As the sun rises November 7, after most questions about who will win the mid-term elections have been answered, one last one will remain: Do you trust the results?
In Johnson County, that answer will depend on a second question: Do you trust Election Commissioner Ronnie Metsker?
Against the backdrop of attempted hacking and voter suppression stories in other parts of the country this year, county election commissioners are suddenly being noticed.
And what people have begun to notice about Metsker is that he’s a former GOP county chairman appointed in 2016 by Secretary of State Kris Kobach, who went on to win this year’s Kansas gubernatorial primary in part because of provisional ballots counted by Metsker’s office. Now that the contest for the 3rd District congressional seat looks like it might be close, it’s also being noted that Metsker’s wife, Susan, works for the incumbent Republican, Kevin Yoder.
Hence the question: Can Johnson Countians trust an election commissioner who owes his job and his wife’s job to two candidates on the ballot in tight races?
The Kansas City Star editorial board called for his resignation after the primary, and a subsequent editorial said his connections to Kobach will promote voter cynicism.
But county political leaders on both sides are reluctant to go that far. A few contacted by the Post questioned whether Metsker had sufficient background to run the elections office and some had issues with the system that allowed Kobach to appoint him. But none said they had good reason to doubt Metsker’s basic integrity.
Even county Democratic leaders, who might be expected to say otherwise, said they don’t doubt Metsker’s intentions. “I’m quite sure Ronnie runs that office to the best of his ability,” said Johnson County Democratic chair Nancy Leiker. “I don’t think he has the background for the job, but given that, I think he does it as good as he can with his limited background.”
Instead of worrying whether the system is rigged, Leiker said people should just get out and vote.
Metsker himself has pledged an even hand: “All I have is my name and my life history of serving with integrity,” he said. “I don’t feel pressure. I walk down the middle and I don’t look to the left or to the right.”
Reporting problems draw criticism
As the supervisor of polling, registration, vote counting and reporting, Metsker has been in the hot seat since he was first appointed to the job shortly before the last presidential election. Things didn’t go right that year. There were computer issues with the out-of-date system and complaints about slow mail service that affected absentee voters.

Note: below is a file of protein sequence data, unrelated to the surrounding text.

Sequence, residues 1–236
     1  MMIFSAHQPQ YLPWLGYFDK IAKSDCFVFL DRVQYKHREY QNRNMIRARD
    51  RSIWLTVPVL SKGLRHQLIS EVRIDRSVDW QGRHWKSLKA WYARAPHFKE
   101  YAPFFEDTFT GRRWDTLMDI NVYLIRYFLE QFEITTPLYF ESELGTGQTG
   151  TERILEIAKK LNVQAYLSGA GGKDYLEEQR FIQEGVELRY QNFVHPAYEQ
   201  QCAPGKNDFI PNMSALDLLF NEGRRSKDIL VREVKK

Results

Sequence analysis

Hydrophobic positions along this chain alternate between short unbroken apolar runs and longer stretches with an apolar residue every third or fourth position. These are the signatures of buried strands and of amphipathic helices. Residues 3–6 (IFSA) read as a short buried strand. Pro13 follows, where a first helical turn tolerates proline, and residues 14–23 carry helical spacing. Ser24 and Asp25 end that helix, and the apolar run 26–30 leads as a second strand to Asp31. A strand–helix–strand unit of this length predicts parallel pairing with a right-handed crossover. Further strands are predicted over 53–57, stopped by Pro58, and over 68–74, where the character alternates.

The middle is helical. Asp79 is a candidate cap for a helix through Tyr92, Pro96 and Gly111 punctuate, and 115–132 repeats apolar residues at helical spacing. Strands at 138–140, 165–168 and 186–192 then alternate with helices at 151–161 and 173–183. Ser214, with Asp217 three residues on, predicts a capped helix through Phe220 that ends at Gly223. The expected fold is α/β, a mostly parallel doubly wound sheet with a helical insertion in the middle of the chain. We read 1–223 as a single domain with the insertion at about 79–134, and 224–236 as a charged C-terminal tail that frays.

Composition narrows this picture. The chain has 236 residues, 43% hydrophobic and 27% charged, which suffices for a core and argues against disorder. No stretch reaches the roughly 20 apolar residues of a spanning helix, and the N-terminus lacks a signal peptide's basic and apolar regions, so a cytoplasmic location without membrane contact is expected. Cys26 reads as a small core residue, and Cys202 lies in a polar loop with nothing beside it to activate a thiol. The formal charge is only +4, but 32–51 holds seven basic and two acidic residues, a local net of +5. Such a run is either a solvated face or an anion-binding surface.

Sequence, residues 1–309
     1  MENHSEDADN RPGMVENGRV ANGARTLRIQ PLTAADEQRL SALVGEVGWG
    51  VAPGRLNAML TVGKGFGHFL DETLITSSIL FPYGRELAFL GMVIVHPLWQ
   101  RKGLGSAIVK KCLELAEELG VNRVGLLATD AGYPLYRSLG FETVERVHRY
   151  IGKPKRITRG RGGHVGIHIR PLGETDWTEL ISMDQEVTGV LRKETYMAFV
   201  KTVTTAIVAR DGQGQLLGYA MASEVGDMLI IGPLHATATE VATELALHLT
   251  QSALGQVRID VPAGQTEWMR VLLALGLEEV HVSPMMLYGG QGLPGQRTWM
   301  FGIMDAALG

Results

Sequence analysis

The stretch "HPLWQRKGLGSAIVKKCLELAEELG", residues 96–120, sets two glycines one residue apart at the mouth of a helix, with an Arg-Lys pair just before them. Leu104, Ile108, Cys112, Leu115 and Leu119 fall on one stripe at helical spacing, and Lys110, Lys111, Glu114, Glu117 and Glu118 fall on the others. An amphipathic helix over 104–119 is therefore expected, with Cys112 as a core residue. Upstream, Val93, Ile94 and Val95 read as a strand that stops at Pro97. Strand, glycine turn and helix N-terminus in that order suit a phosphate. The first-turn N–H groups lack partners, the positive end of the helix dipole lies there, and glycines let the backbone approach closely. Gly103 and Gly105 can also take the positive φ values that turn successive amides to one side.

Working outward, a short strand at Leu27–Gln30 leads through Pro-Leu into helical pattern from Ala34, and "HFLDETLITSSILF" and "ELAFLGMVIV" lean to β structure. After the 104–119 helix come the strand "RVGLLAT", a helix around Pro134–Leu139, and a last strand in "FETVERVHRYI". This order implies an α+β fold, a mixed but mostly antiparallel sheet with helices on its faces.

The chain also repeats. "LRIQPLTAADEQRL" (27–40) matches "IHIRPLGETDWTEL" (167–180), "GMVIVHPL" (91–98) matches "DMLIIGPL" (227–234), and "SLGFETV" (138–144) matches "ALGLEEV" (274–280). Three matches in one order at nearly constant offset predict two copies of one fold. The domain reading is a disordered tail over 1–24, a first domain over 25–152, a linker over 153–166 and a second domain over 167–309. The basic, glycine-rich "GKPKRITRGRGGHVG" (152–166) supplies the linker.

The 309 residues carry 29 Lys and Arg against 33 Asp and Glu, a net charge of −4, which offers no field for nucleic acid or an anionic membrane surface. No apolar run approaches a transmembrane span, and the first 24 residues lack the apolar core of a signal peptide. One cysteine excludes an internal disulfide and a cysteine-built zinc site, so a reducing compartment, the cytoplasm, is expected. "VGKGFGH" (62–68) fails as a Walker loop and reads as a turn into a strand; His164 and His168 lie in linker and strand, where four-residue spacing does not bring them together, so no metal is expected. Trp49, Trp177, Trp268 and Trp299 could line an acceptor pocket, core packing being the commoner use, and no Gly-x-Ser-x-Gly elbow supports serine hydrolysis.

Then in this year’s August primaries, more reporting problems – this time with brand-new equipment. Things only intensified when the Republican race for governor ended up being so tight that Johnson County’s provisional ballots (those put on hold because of questions about their validity) were a deciding factor.
Things are better on track now, Metsker says. The coding glitch with the new machines has been fixed and certified by federal and state authorities after rigorous tests, and is now reporting “dazzlingly fast,” he said.
It’s a little difficult to put a political label on Metsker. Mike Jones, who recently stepped down as chairman of the Johnson County Republican Party, thinks of him as a conservative, though maybe not a far-to-the-right conservative. He was identified as a moderate in one newspaper story ten years ago. But he has also been quoted as someone who wants to be a bridge builder who rejects the idea of such labels.
Since leaving county GOP role, attempts to stay out of partisan politics
Longtime Kansas City residents may remember the Metsker family as founders of Kansas City Youth for Christ and the evangelical TV programming on TV-50. Metsker was involved in that non-profit for most of his life, taking over the reins in the 1980s.
He was appointed by the county Republicans to the state House of Representatives in 2007 to fill the seat being vacated by Rep. Ed O’Malley, who resigned. At the time, he said he considered himself a bridge builder whose actions were informed by a deep faith.
Bridge building came up again the next year. Having lost re-election to the House, Metsker ran for and won chairmanship of the county GOP.
Kobach, who was then state Republican chair, had an effect on that election. Kobach instituted a rule that year that any precinct committee members who contributed to Democrats would not have their votes for chairman counted. As a result, 15 moderates were not able to vote in that election.
Metsker resigned county chairmanship with Kobach’s appointment naming him election commissioner. Since becoming commissioner, he said he’s refrained from doing anything that could be perceived as partisan. He doesn’t speak at political functions and he stayed away from the recent Trump rally in Topeka, he said, because of the danger of his presence being misinterpreted.